Frequently Asked Questions
Clinical research is a branch of healthcare science that determines the safety and effectiveness of medications, devices, diagnostic products and treatment regimens intended for human use. These may be used for prevention, treatment, diagnosis or for relieving symptoms of a disease. Carefully conducted clinical research studies are the safest and fastest way to find treatments that work in people and new ways to improve health. Research studies are conducted according to a plan called a protocol. A protocol describes what types of patients may enter the study including schedules of tests and procedures, drugs, dosages, length of study, and outcomes that will be measured.
Clinical research is conducted for a variety of reasons, including to see if a new drug or device is safe and effective for people to use, to compare existing treatments to determine which is better, or to study different ways to use standard (approved) treatments, so they will be more effective, easier to use, and/or decrease side effects. Clinical research helps us learn how to best extend treatments to a different population, such as children, by learning its efficacy on the new group.
Patient safety is our top concern when conducting clinical research. To protect the rights and welfare of clinical research participants, U.S. Federal Agencies including the Food and Drug Administration (FDA) & the National Institutes of Health (NIH) oversee much of the medical research and the U.S. Institutional Review Boards (IRBs) oversee the centers where clinical research studies are conducted. IRBs review and approve study protocols to ensure that a clinical trial is ethical and that volunteers’ rights are protected.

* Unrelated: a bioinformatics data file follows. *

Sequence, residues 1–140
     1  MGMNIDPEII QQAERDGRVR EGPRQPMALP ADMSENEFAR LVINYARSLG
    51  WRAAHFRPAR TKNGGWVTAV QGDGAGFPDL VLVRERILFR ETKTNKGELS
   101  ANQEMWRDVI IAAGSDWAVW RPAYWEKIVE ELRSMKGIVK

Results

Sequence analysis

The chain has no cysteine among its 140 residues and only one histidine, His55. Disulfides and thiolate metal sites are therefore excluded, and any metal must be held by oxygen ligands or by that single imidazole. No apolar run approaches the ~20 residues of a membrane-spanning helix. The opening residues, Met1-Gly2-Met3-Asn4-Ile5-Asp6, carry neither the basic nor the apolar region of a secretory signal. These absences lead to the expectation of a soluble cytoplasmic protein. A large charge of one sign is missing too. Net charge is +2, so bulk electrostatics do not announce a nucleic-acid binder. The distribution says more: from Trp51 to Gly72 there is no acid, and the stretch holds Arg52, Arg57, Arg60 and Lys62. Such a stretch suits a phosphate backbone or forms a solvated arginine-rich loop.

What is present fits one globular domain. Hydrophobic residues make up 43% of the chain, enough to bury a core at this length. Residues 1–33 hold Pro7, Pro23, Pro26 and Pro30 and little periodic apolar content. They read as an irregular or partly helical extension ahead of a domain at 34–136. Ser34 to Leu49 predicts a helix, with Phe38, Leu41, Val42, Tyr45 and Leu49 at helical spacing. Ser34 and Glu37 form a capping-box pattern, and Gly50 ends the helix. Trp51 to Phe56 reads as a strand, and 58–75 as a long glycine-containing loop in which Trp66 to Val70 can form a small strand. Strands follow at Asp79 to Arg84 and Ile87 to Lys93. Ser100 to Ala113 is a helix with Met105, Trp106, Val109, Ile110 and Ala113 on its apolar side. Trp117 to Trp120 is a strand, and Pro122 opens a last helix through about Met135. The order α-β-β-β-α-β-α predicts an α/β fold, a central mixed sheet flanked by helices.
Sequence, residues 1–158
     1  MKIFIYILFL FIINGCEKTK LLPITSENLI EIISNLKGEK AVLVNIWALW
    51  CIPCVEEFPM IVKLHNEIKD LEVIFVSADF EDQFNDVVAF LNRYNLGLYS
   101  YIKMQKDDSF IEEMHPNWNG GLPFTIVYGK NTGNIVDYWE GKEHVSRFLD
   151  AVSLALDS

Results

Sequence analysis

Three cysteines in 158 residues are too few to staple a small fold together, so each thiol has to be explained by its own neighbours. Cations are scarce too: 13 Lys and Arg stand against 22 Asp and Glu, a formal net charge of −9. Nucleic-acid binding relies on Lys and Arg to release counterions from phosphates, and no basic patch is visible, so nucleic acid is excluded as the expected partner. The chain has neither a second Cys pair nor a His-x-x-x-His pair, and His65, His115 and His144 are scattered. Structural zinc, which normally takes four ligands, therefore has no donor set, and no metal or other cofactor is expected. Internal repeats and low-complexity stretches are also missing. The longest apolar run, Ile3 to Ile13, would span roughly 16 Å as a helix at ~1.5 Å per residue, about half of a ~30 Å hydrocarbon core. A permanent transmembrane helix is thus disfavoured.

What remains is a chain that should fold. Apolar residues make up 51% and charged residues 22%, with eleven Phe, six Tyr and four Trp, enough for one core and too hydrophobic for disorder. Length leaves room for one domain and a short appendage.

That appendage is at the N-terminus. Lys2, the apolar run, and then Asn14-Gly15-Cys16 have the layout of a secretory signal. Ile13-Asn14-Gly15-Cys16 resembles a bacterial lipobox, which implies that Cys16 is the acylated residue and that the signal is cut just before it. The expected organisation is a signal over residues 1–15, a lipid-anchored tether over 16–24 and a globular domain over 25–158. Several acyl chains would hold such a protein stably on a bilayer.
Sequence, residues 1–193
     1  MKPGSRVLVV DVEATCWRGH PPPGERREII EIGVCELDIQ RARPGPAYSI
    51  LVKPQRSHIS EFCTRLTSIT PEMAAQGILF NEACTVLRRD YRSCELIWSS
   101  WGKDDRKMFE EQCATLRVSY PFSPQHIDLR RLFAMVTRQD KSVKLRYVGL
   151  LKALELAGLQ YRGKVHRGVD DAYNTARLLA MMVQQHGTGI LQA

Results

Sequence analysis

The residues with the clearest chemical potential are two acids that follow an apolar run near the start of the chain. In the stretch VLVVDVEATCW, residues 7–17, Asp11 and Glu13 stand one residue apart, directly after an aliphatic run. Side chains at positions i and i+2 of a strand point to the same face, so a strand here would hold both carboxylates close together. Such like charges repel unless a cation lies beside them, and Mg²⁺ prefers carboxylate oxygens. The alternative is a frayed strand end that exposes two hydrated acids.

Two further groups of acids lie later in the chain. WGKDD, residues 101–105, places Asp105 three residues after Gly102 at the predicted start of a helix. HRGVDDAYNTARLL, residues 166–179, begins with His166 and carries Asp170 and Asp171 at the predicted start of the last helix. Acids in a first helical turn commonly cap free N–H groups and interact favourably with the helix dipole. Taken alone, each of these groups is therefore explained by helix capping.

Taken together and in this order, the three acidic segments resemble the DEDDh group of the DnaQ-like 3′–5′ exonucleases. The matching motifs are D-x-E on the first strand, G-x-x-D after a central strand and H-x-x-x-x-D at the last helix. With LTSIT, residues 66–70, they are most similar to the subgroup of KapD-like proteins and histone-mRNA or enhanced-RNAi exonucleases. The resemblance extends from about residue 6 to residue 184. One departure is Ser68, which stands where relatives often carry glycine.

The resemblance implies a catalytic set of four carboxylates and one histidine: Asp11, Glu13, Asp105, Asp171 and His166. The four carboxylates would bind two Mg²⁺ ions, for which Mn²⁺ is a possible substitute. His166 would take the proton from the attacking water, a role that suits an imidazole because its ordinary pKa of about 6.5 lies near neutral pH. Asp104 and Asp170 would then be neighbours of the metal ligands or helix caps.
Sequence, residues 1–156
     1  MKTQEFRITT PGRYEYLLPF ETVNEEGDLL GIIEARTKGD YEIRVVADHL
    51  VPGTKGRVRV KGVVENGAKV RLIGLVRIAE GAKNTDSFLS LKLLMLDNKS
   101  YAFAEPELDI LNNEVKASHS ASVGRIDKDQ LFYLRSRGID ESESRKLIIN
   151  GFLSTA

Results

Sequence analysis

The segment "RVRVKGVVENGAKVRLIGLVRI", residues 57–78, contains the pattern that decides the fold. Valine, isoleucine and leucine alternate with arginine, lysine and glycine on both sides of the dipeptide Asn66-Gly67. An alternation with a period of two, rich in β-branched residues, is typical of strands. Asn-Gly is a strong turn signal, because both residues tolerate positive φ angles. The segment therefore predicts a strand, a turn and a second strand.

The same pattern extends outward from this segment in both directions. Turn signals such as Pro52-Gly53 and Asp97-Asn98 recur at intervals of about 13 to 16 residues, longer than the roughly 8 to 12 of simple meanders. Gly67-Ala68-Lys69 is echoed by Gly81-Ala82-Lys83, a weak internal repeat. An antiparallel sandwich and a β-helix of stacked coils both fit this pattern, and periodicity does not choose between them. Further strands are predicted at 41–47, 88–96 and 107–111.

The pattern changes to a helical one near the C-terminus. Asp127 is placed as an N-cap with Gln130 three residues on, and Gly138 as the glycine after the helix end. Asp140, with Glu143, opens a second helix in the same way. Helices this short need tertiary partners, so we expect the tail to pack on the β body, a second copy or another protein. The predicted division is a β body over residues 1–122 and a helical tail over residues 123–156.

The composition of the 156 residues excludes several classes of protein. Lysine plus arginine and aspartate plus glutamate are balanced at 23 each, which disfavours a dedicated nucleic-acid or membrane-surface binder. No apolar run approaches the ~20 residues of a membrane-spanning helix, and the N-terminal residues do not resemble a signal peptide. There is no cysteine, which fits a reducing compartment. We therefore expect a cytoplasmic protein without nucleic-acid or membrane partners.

A participant in a clinical trial has access to the IRB that is overseeing the research and access to a volunteer advocate, the physician, and the staff conducting the trial.
There are many benefits to participating in clinical research, including access to potentially new research treatments, expert medical care for the condition being studied (as our investigators are generally specialists in the disease area being studied), and the ability to help others by contributing to medical research and treatment advances. Additionally, financial reimbursement for time and travel is often available to those who participate.
While there are many benefits to participation in clinical research, there are also some potential risks. These include the potential that the treatment may not be effective, participation in the trial may be demanding and time-consuming, and there may be unpleasant, serious, or even life-threatening side effects resulting from the treatment. You should weigh both the potential risks as well as the benefits and potential for positive outcomes when considering participating in clinical research. Often, the possible outcomes of cutting-edge therapies and the results they can deliver greatly outweigh the possible risks.